For many providers, offering relevant product guidance to clients is an essential marketing strategy. This is especially the case for microinsurance products, where clients are asked to trust and pay for a service with no immediate and concrete benefit. Al Amana Microfinance, a WWB partner in Morocco, offers borrowers microinsurance covering events such as hospitalization, critical illness, road accidents, and death. When initial take-up was lackluster, Al Amana Microfinance conducted market research and used it to develop an education strategy to increase clients’ awareness and understanding, using simple language and visual illustrations.
With the increasing penetration of inexpensive smartphones in emerging markets, providers will have the opportunity to develop stronger value propositions for enhancing consumer engagement and capability. We are excited by the promise of apps and interactive platforms that can facilitate two-way interactions that allow consumers more control, convenience, and management of their money. While low-touch digital platforms may not serve as the best delivery mechanism for all capability-building interventions, the digital financial services space is an important frontier for experimentation in the financial capability arena.
Financial service providers have a stake in the financial capability of their clients, though that stake may be narrowly defined around use of particular products. This can result in a blurry line between financial education messages and product promotion, introducing a potential conflict of interest. And even when head offices intend to provide unbiased education, front-line staff may not dedicate the requisite time to explain concepts or they may oversell products, particularly if they receive monetary sales incentives. That is one reason Bima, a microinsurance specialist, which partners with Tigo to offer “freemium” microinsurance, pays agents a fixed amount, rather than a commission. Every new mobile agent also goes through intensive training and a one-week apprenticeship. Bima wants agents to take their customer education role seriously and to avoid mis-selling the product. In some more developed economies the inherent conflict between selling and education has led regulators to consider requiring some form of separation.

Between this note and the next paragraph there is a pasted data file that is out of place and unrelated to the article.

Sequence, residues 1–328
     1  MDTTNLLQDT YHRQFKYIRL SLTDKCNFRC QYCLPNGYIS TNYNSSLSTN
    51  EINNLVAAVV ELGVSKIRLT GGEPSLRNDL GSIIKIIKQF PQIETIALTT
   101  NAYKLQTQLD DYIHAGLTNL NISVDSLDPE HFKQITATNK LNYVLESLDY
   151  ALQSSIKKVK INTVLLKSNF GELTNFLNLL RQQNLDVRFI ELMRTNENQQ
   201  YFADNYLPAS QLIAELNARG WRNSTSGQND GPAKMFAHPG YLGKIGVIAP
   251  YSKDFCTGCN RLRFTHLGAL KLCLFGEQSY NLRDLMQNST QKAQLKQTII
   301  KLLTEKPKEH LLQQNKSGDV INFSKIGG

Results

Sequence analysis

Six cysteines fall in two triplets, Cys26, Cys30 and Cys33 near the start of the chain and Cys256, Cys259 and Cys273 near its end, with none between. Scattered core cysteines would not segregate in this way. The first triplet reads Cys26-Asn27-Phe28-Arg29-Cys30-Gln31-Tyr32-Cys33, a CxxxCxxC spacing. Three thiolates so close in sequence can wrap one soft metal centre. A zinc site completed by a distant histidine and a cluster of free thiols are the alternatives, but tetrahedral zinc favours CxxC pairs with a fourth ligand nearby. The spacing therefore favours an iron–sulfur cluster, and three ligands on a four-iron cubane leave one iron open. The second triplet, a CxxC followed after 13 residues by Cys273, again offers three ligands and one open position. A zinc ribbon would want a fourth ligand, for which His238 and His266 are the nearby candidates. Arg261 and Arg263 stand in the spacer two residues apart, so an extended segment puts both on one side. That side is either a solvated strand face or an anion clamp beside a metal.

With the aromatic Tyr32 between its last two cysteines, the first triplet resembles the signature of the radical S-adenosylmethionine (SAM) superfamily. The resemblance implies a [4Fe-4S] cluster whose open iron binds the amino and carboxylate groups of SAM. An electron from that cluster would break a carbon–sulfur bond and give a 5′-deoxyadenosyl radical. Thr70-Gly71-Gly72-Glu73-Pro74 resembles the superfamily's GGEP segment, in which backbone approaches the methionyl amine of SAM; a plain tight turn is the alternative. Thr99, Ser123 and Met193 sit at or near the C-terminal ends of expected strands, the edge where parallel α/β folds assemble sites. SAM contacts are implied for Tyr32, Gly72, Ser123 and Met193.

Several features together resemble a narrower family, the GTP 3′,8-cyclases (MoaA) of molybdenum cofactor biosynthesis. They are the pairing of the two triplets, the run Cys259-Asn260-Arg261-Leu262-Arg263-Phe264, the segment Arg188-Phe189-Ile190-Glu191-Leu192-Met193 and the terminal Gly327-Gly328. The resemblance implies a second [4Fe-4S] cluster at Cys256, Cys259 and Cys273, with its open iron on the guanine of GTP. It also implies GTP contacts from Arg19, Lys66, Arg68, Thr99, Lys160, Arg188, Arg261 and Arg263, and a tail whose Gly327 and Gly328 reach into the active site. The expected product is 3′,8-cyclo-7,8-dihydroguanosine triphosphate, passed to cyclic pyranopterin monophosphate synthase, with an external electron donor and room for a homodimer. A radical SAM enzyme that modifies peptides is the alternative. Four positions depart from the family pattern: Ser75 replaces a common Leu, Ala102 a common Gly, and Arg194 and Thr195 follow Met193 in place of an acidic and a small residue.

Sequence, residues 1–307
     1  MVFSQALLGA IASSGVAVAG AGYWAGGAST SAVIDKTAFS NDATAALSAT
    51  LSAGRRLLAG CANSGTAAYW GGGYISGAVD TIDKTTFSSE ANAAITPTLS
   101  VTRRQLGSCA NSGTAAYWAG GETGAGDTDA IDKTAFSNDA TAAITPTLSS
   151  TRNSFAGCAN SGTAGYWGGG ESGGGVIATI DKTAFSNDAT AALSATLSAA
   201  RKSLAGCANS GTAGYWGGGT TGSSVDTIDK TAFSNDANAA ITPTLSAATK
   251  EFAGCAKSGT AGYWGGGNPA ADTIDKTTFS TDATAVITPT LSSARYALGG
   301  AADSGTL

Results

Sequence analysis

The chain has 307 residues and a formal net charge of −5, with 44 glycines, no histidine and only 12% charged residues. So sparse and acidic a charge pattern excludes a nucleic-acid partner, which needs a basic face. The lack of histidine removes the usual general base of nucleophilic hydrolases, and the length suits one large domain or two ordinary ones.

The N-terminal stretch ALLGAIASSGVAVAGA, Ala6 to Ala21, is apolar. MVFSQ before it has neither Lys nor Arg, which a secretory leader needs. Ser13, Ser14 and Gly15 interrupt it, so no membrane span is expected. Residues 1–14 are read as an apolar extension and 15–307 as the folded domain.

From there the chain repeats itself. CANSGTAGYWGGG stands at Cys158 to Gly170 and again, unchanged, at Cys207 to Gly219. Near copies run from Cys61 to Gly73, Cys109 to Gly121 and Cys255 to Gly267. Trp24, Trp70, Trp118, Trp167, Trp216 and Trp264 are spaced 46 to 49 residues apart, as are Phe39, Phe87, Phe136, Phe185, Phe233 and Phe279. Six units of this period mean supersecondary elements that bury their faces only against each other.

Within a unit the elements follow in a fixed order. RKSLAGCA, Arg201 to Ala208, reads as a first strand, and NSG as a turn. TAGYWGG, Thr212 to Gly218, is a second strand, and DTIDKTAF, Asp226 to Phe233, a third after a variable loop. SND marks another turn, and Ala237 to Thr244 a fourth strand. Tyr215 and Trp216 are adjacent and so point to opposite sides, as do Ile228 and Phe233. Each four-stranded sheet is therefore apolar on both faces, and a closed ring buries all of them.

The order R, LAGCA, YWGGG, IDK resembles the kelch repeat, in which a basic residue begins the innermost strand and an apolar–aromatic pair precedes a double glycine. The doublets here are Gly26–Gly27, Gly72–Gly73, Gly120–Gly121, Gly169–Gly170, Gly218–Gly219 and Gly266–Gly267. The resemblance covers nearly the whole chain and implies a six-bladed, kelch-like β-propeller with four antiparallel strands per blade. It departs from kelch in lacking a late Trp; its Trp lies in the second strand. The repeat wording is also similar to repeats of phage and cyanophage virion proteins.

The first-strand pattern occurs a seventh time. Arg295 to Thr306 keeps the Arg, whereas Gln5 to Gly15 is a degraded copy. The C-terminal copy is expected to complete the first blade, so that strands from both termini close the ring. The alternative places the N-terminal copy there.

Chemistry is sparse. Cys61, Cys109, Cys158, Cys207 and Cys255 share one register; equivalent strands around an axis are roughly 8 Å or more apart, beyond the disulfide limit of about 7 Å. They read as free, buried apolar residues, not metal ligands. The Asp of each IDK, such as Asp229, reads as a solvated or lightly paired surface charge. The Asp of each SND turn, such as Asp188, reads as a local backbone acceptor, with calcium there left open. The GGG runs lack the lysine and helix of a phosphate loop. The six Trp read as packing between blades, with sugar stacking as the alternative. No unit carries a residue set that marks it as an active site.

Kudos and Caveats for Governments
The good news is that governments are increasingly addressing capability building in their national strategies. Most of these efforts focus on incorporating traditional financial education into primary and secondary school curricula and on adult classroom education. In a country such as India, this may be done on an impressive scale, such as the mass financial literacy “camps” organized by the Reserve Bank of India.
There is some evidence that school-based financial education can be effective. A study in Brazil that found that high-school students exposed to an integrated financial education curriculum had increased financial knowledge, along with an increase in savings for purchases, better likelihood of financial planning, and greater participation in household financial decisions. It is important to make content engaging, relevant, and fun for beneficiaries, through comics, videogames, apps, and other types of “edutainment.” In Peru, the Superintendency of Banking has developed financial education content using comic characters and storybooks to support the teaching of basic financial management skills in schools. There is also evidence that solid math skills are important for financial capability, whether or not financial education has explicitly been provided. One particularly tough challenge is reaching youth who are not in school.
To strengthen their effectiveness, financial education programs in schools can be linked to actually opening youth savings accounts, as San Francisco, among other cities, is doing. IPA is also testing the effectiveness of combining youth financial education and savings accounts in Uganda and Ghana. Even though the programs have shown positive short-term promise, it is unclear whether they will continue to benefit individuals once they reach adulthood.
Consumer education campaigns can be based on mass media and social marketing to create broad awareness of financial products. The Central Bank of the Philippines launched such a campaign, Protect Your Money (PYM) in 2013 to promote savings, and warn consumers against financial scams. While the impact of the campaign has not been evaluated, we suggest that targeted programs, launched with stakeholders and focused on distinct segments, can generate awareness, an important first step in changing behaviors.